In 1899, a group of schoolchildren admire a bison.
Start of prohibition and alcohol is poured down the drain. 1921.
Civil war veterans and survivors of Gettysburg shake hands.
Cincinnati's main library. It was demolished in 1955.
The parking meter came to Vancouver - the charge was a nickel for an hour's parking.
The war was over so the Vancouver Airport was returned to civic control.
4,000 people of Japanese descent were sent back to Japan.
W.C. Atherton became president of the Vancouver Real Estate Board.
A 1935 Alabama Schoolhouse.
This is an American field hospital in 1918. It is set up in the bombed out remains of a French Church.
Bonny and Clyde's car after the fatal shoot-out. The noise of gunfire was so loud that many members of the posse experienced temporary deafness.
Jack Bell served five years as a pilot in the RCAF - Royal Canadian Air Force - after which he became the first grower of cranberries in BC. He planted three acres. “Every October,” says one web site, “the cranberries are collected by a unique method called a ‘wet harvest.’ The cranberry fields are flooded with millions of litres of water. Then a gas-powered machine with spinning frames moves through the field, knocking the berries from their vines. The berries float to the surface and farmers use rakes to push them onto conveyor belts and into collection wagons. This method is much quicker than the old method of picking the small berries off their vines by hand.”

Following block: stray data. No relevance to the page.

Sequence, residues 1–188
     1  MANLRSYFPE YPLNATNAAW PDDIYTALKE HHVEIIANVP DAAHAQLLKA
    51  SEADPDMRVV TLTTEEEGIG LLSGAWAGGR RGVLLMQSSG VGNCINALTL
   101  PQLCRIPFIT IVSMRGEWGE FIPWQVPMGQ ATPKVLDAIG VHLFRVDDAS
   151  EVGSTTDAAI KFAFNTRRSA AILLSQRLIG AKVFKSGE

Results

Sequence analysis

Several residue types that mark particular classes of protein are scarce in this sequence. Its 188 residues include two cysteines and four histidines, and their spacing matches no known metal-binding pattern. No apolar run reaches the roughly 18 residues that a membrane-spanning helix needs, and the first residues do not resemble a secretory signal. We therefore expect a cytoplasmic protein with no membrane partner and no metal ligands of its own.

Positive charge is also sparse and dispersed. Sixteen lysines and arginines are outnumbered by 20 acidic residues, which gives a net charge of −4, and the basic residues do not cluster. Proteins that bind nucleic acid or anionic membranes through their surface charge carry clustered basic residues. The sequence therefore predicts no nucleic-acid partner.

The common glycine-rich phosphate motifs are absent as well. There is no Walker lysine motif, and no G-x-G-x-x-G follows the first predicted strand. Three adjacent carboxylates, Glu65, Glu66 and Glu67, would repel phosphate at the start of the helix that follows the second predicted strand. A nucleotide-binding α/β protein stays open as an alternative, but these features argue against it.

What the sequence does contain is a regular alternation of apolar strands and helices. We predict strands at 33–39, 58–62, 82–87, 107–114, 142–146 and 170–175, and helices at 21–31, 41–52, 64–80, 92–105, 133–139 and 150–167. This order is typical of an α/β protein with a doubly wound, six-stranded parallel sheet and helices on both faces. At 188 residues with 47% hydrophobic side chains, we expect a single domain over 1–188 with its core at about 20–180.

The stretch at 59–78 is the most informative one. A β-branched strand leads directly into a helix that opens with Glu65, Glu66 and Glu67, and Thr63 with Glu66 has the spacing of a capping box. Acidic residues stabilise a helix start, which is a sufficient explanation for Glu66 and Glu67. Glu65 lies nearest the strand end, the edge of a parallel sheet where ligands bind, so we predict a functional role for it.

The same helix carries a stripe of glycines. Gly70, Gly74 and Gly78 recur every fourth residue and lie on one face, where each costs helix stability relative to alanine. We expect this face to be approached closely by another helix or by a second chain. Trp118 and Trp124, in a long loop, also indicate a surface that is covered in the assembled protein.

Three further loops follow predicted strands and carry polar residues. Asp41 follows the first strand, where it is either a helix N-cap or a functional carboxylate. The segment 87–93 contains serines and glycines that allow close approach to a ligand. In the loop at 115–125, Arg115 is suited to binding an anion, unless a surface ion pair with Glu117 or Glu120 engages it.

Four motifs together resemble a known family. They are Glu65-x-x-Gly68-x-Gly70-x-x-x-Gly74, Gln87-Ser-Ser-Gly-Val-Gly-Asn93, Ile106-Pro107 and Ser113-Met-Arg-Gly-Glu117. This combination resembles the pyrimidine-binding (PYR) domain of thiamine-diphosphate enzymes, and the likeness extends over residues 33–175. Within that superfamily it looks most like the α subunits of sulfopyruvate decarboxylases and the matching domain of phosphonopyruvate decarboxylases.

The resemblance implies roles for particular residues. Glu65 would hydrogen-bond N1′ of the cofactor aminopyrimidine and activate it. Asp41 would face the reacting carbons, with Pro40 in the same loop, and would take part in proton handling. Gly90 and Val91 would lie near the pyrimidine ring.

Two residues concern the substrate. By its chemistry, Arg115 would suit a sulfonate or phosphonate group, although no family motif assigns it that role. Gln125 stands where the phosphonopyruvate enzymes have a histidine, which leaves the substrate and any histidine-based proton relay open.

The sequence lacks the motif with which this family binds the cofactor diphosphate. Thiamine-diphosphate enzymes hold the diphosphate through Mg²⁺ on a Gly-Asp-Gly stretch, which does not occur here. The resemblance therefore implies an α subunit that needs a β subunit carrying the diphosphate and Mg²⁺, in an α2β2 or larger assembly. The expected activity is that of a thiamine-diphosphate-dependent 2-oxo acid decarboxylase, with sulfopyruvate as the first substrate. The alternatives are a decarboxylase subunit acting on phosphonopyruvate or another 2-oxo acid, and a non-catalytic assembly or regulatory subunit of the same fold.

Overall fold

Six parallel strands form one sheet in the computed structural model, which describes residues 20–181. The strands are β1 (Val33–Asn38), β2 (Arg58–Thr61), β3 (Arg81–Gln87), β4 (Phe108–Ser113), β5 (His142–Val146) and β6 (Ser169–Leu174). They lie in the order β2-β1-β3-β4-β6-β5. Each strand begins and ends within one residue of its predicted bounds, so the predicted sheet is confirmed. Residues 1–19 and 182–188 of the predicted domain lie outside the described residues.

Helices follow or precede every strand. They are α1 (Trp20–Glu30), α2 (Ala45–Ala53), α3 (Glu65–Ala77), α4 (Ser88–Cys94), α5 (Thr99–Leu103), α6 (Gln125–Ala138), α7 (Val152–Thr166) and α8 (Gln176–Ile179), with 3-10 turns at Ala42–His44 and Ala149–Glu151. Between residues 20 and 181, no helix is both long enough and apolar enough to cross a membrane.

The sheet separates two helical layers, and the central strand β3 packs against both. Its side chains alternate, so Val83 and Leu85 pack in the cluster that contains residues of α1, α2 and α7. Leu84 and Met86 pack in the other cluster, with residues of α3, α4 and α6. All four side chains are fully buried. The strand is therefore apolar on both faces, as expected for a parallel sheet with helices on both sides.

Earle Birney started teaching literature at UBC. In 1963, Birney started Canada's first creative writing department.
In 1946, there was the first sail-past of the West Vancouver Yacht Club (at Sandy Cove).
The Registered Nurses Association of B.C. received its first certification at St. Paul's Hospital.
The first female physician was appointed at Essondale Mental Hospital.
In 1945, Eisenhower and Patton examine stolen artifacts the German hid in a salt mine.
A lull in the fighting in the civil war.
The Norsel, which made its maiden voyage in 1922, was sold to the J. Gordon Gibson lumbering family. Gordon renamed her the Maui Lu and sailed her to Hawaii.
The Pamir - the last working ship in B.C. waters - was towed out of the Vancouver harbour. She was filled with coal and headed for Australia.
A bi-monthly publication by the Native Brotherhood of British Columbia, the Native Voice, began publishing.
The famous 2400 Motel on Kingsway opened.
In Cloverdale and White Rock, 264 people were waiting to get a phone. It was a year of shortages.
I want to thank my mom's friend Wes for the old photos and The History of Metropolitan Vancouver website for the above information.
I hope you find the beauty around you.